Speech development in toddlers at high and low risk for autism
Chenausky, Karen Virginia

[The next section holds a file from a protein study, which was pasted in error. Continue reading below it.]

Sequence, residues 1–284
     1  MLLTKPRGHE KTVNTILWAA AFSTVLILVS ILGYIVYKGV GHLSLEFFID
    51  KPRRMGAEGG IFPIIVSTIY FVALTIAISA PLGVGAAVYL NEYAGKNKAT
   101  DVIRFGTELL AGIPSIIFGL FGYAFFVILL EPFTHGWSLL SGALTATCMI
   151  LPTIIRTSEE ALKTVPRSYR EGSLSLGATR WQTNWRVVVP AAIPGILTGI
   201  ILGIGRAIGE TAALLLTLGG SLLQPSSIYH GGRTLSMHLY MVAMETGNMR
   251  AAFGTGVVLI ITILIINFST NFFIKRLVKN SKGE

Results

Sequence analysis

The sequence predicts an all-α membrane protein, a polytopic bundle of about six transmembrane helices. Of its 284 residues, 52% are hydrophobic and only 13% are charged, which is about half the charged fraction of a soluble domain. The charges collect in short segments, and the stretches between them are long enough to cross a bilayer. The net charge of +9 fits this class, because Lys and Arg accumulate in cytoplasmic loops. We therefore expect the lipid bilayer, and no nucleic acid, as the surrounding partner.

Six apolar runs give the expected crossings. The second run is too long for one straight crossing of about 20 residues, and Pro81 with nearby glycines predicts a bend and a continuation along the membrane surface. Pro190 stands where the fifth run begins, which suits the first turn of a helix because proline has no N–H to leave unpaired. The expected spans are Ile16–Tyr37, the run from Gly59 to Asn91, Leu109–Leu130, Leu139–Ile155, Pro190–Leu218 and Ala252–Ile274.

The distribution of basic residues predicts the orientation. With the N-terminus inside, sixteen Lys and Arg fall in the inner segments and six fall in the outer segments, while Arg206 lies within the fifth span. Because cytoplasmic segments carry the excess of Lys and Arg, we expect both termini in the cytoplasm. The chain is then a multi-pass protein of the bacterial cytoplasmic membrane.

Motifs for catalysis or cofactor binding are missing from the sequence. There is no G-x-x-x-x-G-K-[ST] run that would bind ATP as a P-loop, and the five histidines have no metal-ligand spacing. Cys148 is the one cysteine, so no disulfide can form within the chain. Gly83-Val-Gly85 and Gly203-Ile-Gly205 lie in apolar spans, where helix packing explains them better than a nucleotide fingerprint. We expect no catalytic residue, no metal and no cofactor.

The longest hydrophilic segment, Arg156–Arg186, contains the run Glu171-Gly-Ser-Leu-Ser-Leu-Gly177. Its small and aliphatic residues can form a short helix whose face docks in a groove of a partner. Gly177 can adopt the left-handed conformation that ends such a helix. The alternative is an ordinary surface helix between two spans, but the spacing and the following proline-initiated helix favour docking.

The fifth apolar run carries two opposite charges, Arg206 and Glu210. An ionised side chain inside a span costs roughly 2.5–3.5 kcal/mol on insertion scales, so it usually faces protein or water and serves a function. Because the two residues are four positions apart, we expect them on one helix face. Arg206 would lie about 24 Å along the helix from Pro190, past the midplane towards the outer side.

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Speech development in autism spectrum disorder (ASD) has rarely been studied, yet residual speech sound errors are over 30 times more common in children with ASD than in the general population. Two main theories could explain this. The Social Feedback Loop proposes that toddlers with ASD vocalize less often and so have fewer opportunities to benefit from adult feedback. Thus, fewer vocalizations and perceptible differences in those vocalizations should be found in toddlers with ASD. The Speech Attunement Framework proposes that while toddlers with ASD “tune in” to their native languages well enough to acquire language normally, they lack the ability to “tune up” their articulation to the same level of precision as typically-developing children. Thus, differences in the vocalizations of toddlers with ASD may be perceptible or not, and should exist irrespective of differences in vocalization rate. This study longitudinally examines vocalization rate, consonant inventory size, and voice-onset time (VOT) in syllable-initial bilabial stops using 30-minute speech samples from toddlers in three groups: those at low risk for ASD (LRC), those at high risk for ASD with ASD themselves (HRA+), and those at high risk for ASD without ASD (HRA ) . Transient delays in consonant development were found in both HRA- and HRA+, but only HRA+ toddlers vocalized less often. Further, the relationship between vocalization rate and consonant inventory was significantly different from LRC only for HRA-. VOT development was similar across groups, except that fewer HRA+ 36-month-olds produced distinct /b/ and /p/ populations, as measured by t-test and by Cohen’s d ≥ 0.8 between mean VOTs in the two populations of stops. Results support the Speech Attunement Framework. Consonant acquisition delays are not related to differences in vocalization rate and are not found only in toddlers who develop ASD. The finding of sub-perceptual acoustic differences in stop production in toddlers who develop ASD, with no accompanying differences in production rate, also supports the Speech Attunement Framework. This suggests that the Social Feedback Loop is not diminished in ASD by lower vocalization rate, but that toddlers with ASD may have diminished ability to monitor their own speech.
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